Premature ejaculation (PE), one of the most common male sexual disorders, profoundly affects the quality of life for both the patient and their partner [1]. Many of the proposed definitions for PE lack a foundation in scientific data and lack diagnostic criteria [2, 3]. The International Society for Sexual Medicine (ISSM) defines PE (lifelong and acquired) as characterized by the following criteria: ejaculation which almost always or always occurs prior to or within 1 min of vaginal penetration (lifelong PE) or a clinically significant and upsetting reduction in ejaculation latency time, of often up to 3 min (acquired PE); inability to delay ejaculation in nearly all or all vaginal penetrations (lifelong and acquired PE); and negative personal consequences, such as inconvenience, distress, frustration, and/or avoidance of sexual intimacy (lifelong and acquired PE) [4]. Nevertheless, this widely accepted definition by the ISSM is applicable to heterosexual penis-vagina sexual activities, while we have limited information on how to define PE in other sexual activities, such as anal sex or in men with homosexual orientations. Epidemiological studies, based on non-validated PE definitions and patient self-reported outcome (PRO) measures, found prevalence of PE complaints in the male population as high as 20–30% [5,6,7,8,9]. However, subsequent epidemiology studies applying evidence-based PE definitions found much lower prevalence rates (~5%) for both lifelong and acquired PE [10,11,12,13]. Of note, since PE is frequently a self-reported and self-rated complaint, it is difficult to determine its epidemiology. Complicating the matter further is the fact that PE is diagnosed in some couples based on distress and not on objective symptoms [14].

While the exact etiology of PE remains undetermined [15,16,17,18], the most widely accepted theories regarding the etiology of lifelong PE center on disruptions in neurotransmitter activities within the central nervous system. This includes serotonin, noradrenaline, oxytocin, nitric oxide (NO), and Gama aminobutyric acid (GABA) [19]. Additionally, increased sensitivity of the glans penis [20], erectile dysfunction (ED) [21, 22], genetic polymorphisms [23,24,25,26], hormonal imbalances [27, 28], and prostatic diseases [29, 30] also contribute to its pathophysiology. Further research is necessary to evaluate the impact of these factors on ejaculation physiology. The etiology of acquired PE is more closely associated with underlying medical, psychological, and interpersonal causes, as described by Serefoglu et al. [31].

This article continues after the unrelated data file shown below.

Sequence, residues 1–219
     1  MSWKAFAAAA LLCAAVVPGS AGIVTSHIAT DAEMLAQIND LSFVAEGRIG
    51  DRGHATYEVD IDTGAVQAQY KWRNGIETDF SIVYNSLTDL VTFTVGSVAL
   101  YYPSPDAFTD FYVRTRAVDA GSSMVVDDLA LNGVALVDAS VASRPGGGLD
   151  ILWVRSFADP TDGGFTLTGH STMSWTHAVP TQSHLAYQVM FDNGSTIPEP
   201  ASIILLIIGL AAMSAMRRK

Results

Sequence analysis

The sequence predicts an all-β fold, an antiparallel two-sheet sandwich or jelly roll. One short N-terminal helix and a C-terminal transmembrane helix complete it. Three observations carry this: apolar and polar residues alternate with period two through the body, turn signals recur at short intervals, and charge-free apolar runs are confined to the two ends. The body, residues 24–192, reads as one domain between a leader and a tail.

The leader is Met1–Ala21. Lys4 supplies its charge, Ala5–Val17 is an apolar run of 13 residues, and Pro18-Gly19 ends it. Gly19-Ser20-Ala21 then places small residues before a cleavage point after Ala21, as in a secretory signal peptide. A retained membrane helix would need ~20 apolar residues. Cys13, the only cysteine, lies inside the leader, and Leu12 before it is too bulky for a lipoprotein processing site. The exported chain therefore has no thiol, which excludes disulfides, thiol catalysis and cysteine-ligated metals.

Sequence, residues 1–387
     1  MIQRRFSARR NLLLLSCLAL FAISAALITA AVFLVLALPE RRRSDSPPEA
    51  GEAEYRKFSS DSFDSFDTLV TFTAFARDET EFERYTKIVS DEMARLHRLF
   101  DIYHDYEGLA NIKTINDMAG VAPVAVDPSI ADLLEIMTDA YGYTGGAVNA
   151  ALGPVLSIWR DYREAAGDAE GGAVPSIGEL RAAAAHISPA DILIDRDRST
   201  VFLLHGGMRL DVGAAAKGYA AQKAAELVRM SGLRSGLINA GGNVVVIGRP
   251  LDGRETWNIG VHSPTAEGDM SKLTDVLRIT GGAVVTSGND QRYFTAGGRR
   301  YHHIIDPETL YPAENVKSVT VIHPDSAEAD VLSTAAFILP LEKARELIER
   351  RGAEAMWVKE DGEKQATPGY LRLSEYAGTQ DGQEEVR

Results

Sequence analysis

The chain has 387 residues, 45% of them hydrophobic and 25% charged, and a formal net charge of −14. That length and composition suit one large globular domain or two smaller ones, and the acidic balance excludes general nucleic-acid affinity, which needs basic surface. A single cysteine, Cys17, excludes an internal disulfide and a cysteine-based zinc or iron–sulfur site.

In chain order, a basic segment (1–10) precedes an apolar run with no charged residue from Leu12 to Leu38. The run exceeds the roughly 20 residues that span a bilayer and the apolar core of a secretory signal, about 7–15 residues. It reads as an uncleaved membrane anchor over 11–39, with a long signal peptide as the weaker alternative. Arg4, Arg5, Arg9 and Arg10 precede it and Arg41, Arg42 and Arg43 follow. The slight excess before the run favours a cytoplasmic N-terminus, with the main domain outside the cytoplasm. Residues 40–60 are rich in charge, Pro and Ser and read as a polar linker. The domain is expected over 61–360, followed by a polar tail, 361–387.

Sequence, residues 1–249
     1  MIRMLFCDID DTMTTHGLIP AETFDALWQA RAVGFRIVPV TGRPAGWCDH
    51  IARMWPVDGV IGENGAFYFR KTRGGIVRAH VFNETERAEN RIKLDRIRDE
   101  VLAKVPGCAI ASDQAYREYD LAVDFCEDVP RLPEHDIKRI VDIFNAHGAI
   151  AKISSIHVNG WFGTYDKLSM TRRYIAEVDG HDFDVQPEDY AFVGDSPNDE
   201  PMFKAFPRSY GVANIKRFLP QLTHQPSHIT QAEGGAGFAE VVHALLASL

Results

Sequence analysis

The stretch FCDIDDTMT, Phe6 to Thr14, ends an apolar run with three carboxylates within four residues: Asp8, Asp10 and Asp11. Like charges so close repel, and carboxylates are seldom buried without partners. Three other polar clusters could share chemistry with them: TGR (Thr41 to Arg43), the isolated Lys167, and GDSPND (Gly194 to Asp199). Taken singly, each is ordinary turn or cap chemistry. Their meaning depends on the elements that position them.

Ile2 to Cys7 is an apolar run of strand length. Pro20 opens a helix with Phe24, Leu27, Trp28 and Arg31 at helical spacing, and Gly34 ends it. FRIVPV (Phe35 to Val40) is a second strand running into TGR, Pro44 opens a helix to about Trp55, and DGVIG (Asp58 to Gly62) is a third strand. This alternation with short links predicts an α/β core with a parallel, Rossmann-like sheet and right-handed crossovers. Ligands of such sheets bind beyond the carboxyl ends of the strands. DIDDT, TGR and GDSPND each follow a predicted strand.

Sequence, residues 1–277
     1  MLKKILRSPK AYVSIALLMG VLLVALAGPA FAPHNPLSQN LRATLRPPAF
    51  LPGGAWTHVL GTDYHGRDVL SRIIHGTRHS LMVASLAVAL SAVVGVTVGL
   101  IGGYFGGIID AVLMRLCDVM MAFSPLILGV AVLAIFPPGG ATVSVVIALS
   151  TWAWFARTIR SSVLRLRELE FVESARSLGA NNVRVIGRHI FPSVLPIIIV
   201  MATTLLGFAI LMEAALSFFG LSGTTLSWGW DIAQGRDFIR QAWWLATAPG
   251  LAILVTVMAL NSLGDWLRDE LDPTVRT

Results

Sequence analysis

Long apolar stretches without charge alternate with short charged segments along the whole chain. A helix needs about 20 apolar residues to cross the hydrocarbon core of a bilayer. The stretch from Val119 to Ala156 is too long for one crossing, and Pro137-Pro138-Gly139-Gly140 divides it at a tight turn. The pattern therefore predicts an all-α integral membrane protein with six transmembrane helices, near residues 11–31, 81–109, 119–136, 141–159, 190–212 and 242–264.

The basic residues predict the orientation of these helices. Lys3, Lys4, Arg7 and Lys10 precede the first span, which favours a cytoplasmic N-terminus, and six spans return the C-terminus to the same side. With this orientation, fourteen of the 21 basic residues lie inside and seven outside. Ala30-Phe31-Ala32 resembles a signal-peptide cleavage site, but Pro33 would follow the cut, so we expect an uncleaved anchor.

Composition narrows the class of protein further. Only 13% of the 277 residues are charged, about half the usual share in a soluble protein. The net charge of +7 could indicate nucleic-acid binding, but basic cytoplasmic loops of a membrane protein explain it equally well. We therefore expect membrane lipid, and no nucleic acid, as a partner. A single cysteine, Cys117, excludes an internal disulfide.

Since the 1990s, the prevailing treatment options for both lifelong and acquired PE have been on-demand topical anesthetics and off-label daily or on-demand selective serotonin reuptake inhibitors (SSRIs) [32], including Dapoxetine, a swiftly absorbed and short-acting SSRI, which stands as the sole approved oral medication for PE treatment. Notably, Dapoxetine lacks approval from the US Food and Drug Administration due to its uncertain efficacy and safety [32]. While the majority of men with PE report these treatments as safe, some may experience minor adverse effects. Additionally, SSRIs offer only a temporary delay in ejaculation latency time, with PE often resurfacing after treatment cessation [32,33,34,35,36]. Certain PE patients and their partners might find the necessity to apply a topical anesthetic 5–10 min before each sexual encounter dissatisfying [37]. A post-marketing study reveals that a significant majority (up to 75%) of PE patients express dissatisfaction with topical anesthetic treatments. Consequently, adherence to topical anesthetic treatments remains low, at ~10% [38].

Behavioral therapy, specifically sex therapy, represents a treatment with fewer side effects and lower costs. Its goal is to enhance self-confidence and alleviate anxiety and depression by systematically training men to acquire sexual skills that can extend ejaculation time. In the short term, behavioral therapy can yield success rates ranging from 45% to 65% of patients, but its long-term effects remain uncertain [39].

A definitive cure for PE is still elusive, and ongoing research is focused on identifying the optimal treatment for this condition. Consequently, in response to the unmet need for PE therapy, new technologies are currently under development.

This review article is aimed at providing a summary of the presently available non-pharmacological, non-surgical technological therapies for PE, excluding cognitive or behavioral approaches. We will discuss the findings from studies that are dedicated to creating innovative technological treatment options for PE.

Neuromuscular electrical stimulation

Pelvic floor muscles (PFMs), specifically the ischiocavernosus and bulbospongiosus muscles, assume a pivotal role in the expulsion phase of ejaculation, expressed by increase in electromyographic activity during ejaculation [40].